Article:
Additionally, Glen Wakeman offers useful guidance about how to handle employees who are not motivated to perform their duties. Instead of terminating these employees, Glen Wakeman’s solution is to have ongoing meetings informing workers about negative performances. A manager should let each employee know whether the job performance is within a danger zone. An employer should use specific language. For example, the word “serious” lets employees know whether they are about to lose their positions. Another way to deal with employees who are not performing up to acceptable standards is to understand what makes them tick. Employees need to resonate with their jobs in positive ways. One idea is to include familiar tasks into an employee’s schedule. Important job duties should reflect an employee’s personal habits and values.


A conversation with Glen Wakeman reveals that he has vast experience and numerous gifts. From topics centered on travel and business to his pet project called LaunchPad Holdings LLC, Glen Wakeman offers unique views about many aspects of life. People who want to know how to sail through their lives in more productive and positive ways benefit from listening to Glen’s words of wisdom. When asked about LaunchPad Holdings LLC, Glen has stated that the LaunchPad toolkit is a summary of his experiences in the form of a helpful guide.


One main aspect of the LaunchPad toolkit is to teach entrepreneurs how to establish their own companies. The toolkit includes all the information needed to start a business. From marketing strategies to legal aspects about forming a company, the online software program offers unique guidelines for new entrepreneurs. In addition to providing his customers with the LaunchPad Toolkit, Glen Wakeman believes in learning advanced communication techniques. According to Glen Wakeman, an entrepreneur who incorporates humor into a basic business philosophy may witness a greater potential for growth. He believes in the power of writing and acting. Gifted artists and writers can use humor as an effective way to present his toolkit (SoundCloud).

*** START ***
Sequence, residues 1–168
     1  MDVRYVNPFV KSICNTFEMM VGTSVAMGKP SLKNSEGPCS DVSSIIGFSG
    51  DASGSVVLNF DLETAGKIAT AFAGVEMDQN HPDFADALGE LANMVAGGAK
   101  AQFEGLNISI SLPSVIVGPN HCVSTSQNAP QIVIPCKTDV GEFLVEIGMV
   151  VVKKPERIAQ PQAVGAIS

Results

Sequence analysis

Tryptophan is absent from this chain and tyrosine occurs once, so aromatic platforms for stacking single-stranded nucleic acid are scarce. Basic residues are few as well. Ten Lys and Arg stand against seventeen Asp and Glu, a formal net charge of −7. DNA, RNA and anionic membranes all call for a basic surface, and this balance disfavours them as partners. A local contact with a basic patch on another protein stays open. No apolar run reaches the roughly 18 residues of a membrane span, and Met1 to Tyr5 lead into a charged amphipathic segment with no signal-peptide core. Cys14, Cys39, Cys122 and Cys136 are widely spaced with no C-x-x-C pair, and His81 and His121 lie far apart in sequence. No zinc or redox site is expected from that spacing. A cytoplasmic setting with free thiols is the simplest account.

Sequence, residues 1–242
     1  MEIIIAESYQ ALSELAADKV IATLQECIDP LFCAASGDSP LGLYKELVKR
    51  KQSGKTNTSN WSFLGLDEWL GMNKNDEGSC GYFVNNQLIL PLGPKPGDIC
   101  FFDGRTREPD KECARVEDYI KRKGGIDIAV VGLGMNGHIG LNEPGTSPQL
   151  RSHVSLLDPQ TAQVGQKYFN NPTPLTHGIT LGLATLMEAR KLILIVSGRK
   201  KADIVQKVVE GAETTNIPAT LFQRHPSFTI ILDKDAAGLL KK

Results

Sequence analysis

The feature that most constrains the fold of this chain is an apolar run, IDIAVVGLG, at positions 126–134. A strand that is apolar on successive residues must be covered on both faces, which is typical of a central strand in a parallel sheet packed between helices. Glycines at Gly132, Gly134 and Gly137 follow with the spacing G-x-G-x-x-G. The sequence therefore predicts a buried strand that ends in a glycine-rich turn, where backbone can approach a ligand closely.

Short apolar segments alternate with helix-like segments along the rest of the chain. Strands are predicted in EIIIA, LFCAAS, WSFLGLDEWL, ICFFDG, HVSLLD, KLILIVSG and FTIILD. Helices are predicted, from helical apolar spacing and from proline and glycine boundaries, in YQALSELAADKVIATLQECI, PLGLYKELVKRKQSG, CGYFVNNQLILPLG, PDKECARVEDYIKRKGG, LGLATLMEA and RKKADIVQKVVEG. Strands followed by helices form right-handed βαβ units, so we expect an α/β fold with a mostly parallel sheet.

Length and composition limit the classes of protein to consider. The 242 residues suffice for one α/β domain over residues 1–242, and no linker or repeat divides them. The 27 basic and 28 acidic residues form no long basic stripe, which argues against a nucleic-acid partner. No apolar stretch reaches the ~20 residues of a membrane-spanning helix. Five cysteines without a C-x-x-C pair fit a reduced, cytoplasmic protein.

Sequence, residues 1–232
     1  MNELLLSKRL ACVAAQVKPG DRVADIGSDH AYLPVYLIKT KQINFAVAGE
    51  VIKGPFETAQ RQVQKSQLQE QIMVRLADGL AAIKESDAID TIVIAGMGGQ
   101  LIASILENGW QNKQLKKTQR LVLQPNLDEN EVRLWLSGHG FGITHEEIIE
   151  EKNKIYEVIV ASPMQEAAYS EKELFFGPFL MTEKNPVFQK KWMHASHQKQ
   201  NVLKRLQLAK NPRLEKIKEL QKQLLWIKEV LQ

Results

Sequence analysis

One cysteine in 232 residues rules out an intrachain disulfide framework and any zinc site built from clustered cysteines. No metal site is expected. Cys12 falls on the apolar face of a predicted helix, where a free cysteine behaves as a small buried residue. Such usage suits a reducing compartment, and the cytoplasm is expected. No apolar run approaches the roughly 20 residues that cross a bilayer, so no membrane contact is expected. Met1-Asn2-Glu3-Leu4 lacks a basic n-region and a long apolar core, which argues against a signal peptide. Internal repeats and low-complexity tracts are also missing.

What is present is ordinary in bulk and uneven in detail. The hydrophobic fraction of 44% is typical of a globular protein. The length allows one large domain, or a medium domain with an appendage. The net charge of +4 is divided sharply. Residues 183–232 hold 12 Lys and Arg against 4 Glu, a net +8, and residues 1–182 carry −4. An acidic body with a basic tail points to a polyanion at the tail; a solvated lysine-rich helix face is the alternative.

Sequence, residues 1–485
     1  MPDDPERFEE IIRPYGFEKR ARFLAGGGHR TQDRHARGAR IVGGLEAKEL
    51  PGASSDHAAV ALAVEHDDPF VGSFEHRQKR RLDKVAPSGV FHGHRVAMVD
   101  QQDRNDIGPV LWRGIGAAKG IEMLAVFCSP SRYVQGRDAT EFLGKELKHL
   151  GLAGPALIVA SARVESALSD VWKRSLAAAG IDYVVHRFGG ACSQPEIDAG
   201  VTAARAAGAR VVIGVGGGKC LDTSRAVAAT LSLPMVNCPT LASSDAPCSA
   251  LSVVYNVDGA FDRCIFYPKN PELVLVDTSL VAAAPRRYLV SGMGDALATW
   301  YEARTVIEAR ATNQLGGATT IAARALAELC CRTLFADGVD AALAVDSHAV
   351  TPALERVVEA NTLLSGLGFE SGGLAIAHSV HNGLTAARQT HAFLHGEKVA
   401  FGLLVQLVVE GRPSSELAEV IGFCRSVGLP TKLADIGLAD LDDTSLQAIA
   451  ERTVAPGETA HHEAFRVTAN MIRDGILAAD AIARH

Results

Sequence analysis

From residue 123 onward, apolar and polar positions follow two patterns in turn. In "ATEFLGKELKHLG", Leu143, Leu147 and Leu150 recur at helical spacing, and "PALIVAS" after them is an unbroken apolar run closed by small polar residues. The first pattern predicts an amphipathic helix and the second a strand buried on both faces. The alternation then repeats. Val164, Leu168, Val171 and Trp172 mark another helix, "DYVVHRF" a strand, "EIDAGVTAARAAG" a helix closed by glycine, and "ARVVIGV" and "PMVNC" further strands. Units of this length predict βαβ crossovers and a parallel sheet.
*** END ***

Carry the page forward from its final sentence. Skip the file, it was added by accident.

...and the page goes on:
A recent interview with Glen Wakeman assists aspiring entrepreneurs in gaining a better grasp of their new projects:


Mr. Wakeman, would you mind explaining why you started your company?


After earning my bachelor’s degree in economics and finance from the University of Scranton, my mind was filled with innovative concepts that prompted me to establish my own company. I wanted to use my educational training to formulate a new business model.